Other common extra-axial tumors include pituitary adenoma, epidermoid or dermoid tumors, and acoustic neuroma (vestibular schwannoma). Most extra-axial tumors have a benign histology but can be locally invasive. Many extra-axial benign tumors are incidentally identified on MRI performed for nonspecific symptoms, such as headache. Most of these tumors do not require therapy and do not enlarge. Many benign extra-axial tumors identified in this way can be observed with serial imaging studies alone.
Metastatic Brain Tumors
The pathology of metastatic brain lesions recapitulates the pathology of the underlying primary neoplasm. This feature often enables the pathologist to suggest the primary source in patients whose systemic cancer presents as brain metastasis. However, even after a complete systemic evaluation, the site of the primary tumor remains unknown in 10% to 15% of patients with brain metastases.
Staging is not applicable to most primary brain tumors because they are locally invasive and do not spread to regional lymph nodes or distant organs. Staging with an enhanced complete spinal MRI and cerebrospinal fluid (CSF) evaluation is important for a few primary tumor types, such as medulloblastoma, ependymoma, and PNET, because they can disseminate via the CSF. All systemic cancers are stage IV when they present with a brain metastasis.
For most patients with primary brain tumors, prognosis is inversely related to pathologic grade and patient age, and is directly related to the overall clinical condition at diagnosis. Several molecular markers that correlate well with prognosis have been identified, such as IDH1 mutations in the majority of low-grade gliomas and LOH on chromosomes 1p and 19q characteristic of oligodendroglioma.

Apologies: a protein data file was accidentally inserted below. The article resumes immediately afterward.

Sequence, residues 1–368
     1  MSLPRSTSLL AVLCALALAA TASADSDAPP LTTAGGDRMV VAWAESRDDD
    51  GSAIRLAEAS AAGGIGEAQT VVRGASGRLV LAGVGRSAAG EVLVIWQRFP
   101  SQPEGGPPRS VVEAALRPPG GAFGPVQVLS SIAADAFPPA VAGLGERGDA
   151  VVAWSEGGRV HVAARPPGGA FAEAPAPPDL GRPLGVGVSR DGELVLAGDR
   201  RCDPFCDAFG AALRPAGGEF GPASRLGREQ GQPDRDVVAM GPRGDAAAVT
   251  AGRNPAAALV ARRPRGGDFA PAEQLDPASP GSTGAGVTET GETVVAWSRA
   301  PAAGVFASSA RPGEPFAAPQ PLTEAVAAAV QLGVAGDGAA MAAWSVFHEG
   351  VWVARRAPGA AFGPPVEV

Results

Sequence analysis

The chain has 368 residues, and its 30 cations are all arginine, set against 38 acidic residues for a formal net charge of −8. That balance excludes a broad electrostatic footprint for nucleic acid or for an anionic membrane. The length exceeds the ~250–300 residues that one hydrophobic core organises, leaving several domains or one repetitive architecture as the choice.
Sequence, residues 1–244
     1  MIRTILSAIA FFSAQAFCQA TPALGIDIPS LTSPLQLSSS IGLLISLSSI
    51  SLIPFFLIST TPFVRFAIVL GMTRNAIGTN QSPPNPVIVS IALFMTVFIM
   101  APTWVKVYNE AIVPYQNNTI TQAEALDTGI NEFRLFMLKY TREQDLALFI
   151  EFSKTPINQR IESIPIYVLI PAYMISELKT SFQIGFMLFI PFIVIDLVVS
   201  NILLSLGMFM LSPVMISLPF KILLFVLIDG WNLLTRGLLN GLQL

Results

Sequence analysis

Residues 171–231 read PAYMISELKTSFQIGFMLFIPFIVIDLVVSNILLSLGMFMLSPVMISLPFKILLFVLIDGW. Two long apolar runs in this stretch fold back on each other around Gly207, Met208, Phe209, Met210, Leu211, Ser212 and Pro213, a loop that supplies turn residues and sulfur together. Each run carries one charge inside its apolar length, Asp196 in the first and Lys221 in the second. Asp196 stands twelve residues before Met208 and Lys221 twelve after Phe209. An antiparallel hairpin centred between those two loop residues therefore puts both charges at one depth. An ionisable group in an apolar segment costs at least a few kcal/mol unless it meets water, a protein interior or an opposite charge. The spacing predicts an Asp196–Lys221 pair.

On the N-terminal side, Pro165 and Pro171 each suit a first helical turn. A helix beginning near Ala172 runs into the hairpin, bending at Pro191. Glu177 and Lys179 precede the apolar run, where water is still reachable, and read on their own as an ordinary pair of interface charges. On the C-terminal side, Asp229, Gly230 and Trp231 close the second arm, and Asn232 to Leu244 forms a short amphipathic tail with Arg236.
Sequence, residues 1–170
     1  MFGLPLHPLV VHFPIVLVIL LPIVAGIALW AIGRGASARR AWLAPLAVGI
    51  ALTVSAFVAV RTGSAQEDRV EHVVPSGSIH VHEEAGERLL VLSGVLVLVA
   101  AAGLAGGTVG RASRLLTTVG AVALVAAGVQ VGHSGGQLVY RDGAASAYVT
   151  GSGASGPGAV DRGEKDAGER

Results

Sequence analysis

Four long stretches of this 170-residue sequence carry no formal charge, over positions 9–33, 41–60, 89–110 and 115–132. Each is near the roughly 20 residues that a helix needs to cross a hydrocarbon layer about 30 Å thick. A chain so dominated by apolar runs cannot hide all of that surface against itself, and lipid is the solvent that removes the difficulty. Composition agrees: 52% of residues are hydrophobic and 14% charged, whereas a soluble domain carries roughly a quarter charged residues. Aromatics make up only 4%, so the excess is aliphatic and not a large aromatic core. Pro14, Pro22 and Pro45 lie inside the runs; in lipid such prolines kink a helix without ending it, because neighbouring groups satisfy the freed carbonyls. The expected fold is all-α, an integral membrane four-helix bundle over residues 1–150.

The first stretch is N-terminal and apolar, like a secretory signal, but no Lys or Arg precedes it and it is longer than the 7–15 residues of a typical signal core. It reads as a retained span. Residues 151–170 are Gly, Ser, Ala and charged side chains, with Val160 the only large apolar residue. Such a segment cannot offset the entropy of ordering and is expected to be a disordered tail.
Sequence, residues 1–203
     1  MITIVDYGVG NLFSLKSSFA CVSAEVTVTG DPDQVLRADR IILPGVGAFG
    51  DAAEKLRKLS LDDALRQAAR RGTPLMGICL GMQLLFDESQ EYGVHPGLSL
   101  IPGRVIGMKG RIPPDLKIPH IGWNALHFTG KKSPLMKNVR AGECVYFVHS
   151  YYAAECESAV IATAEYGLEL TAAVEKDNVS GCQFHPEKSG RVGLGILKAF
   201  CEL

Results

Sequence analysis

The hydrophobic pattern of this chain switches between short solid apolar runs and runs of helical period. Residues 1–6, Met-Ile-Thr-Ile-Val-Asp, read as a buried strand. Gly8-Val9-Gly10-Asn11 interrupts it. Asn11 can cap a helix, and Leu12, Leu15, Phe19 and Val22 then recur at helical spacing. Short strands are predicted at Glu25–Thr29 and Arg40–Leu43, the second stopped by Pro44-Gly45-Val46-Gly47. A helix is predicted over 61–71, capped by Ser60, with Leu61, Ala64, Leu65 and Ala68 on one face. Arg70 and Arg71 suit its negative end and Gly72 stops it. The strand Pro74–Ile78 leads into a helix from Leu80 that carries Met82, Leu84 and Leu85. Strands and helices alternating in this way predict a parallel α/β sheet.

Sidebar: Several studies have emphasized the importance of the mutation in isocitrate dehydrogenase 1 (IDH1) at arginine 132 (IDH1R132MUT). Lai and colleagues sequenced low- and high-grade gliomas and found that glioblastomas arising with and without IDH1 mutation are distinct entities arising from separate cells of origin, subjected to different molecular events. The authors propose that transformation of a neural stem cell or heterogenous cell population by genomic alterations such as EGFR amplification or PTEN loss leads to IDH1 wild-type glioblastoma, while a non–stem cell neural precursor in the frontal lobe that undergoes IDH1 mutation and CpG island methylator phenotype (CIMP) is the inciting event in the development of IDH1 mutant glioblastoma (Lai A et al: J Clin Oncol 29:4482-4490, 2011). Studies have also identified cellular processes stimulated by IDH1 mutation that lead to tumorigenesis. Turcan and colleagues demonstrated that IDH1 mutation, when introduced into human astrocytes, induces DNA hypermethylation, resulting in changes seen in CIMP-positive grade II and III gliomas. This supports IDH1 mutation as the molecular cause for CIMP in gliomas (Turcan S et al: Nature 483:479-483, 2012).